My 84-year-old father, Robert Kash, received a phone call from a woman who introduced herself as a cousin, with the same great grandfather. She said she was working on a Family Tree from a website called About seven weeks ago she emailed me the Family Tree and shared the newfound cousins she contacted, including one from Israel. My newfound cousin, who deserves all the credit for her arduous, detective-like work in tracking down the family, is Toni Dee; we just met for the first time and shared a warm, long overdue hug. 
For more than 30 years, first on a USY teen tour to Israel in 1979 and then as a Lone Soldier [the designation for those serving with no direct family in Israel] in the IDF between 1984-1986, I have been looking for any remnant of family from the Holocaust. My grandfather was one of 13 brothers and sisters, but only three survived, along with his elderly parents who made it to the United States from Poland well before the war.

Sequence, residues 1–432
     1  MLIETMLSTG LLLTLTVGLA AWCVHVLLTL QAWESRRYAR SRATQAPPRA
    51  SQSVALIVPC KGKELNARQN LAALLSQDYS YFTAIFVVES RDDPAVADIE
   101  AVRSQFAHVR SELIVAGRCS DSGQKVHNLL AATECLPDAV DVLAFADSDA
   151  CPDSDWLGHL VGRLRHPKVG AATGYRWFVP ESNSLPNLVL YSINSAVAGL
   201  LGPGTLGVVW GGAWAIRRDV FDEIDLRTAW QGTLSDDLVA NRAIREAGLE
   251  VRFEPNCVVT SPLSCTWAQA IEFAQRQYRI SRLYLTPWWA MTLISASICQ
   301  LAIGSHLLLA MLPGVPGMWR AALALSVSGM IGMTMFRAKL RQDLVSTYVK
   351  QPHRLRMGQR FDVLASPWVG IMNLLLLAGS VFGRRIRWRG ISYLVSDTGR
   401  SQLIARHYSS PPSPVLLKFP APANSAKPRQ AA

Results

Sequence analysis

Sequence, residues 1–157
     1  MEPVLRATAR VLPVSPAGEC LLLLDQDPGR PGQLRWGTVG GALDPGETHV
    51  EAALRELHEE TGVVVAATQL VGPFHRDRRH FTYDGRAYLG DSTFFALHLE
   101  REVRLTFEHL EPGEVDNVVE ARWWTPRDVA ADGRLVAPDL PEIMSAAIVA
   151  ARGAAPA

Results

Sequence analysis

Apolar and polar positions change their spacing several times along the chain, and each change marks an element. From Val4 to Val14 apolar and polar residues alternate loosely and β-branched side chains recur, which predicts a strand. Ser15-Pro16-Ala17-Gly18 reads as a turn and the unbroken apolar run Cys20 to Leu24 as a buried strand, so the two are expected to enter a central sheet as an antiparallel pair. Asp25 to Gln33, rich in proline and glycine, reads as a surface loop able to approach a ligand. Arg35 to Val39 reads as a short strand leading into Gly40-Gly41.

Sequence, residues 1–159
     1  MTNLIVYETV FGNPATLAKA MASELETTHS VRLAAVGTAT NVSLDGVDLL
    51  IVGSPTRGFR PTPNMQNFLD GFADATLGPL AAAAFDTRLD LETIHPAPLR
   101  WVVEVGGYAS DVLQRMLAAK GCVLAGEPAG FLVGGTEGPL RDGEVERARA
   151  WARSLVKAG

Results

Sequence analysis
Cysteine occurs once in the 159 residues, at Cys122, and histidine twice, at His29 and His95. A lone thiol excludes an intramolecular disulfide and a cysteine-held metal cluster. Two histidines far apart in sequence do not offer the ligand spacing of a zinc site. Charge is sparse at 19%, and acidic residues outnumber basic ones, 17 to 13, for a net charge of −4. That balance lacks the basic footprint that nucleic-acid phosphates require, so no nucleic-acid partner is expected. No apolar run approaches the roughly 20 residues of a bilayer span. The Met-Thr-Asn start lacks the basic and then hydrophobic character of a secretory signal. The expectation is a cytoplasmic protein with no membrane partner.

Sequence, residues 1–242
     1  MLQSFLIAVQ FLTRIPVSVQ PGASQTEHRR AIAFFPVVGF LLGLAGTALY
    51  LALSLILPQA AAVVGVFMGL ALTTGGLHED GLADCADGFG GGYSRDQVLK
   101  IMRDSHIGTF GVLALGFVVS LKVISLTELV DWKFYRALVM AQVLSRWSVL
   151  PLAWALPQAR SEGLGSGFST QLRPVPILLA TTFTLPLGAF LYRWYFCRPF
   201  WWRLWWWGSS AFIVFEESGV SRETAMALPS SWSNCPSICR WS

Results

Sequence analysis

Recently, based on information from the Family Tree that Toni provided, I called a newly discovered cousin in Tel Aviv. He was surprised that I spoke Hebrew and I explained that I served in the IDF more than 25 years ago. I started to cry, realizing that I had not really been a Lonely Soldier and had family in Israel; I just didn’t know it back then. 
Shimon, the new Tel Aviv cousin, and I share the same great great grandfather (Chaim Shlomo Krzywanowski).  After telling him I can’t believe I have a cousin in Israel he said “you don’t have one cousin but with my children and grandchildren and my sister’s side of the family you have 21 cousins – actually many more than that.”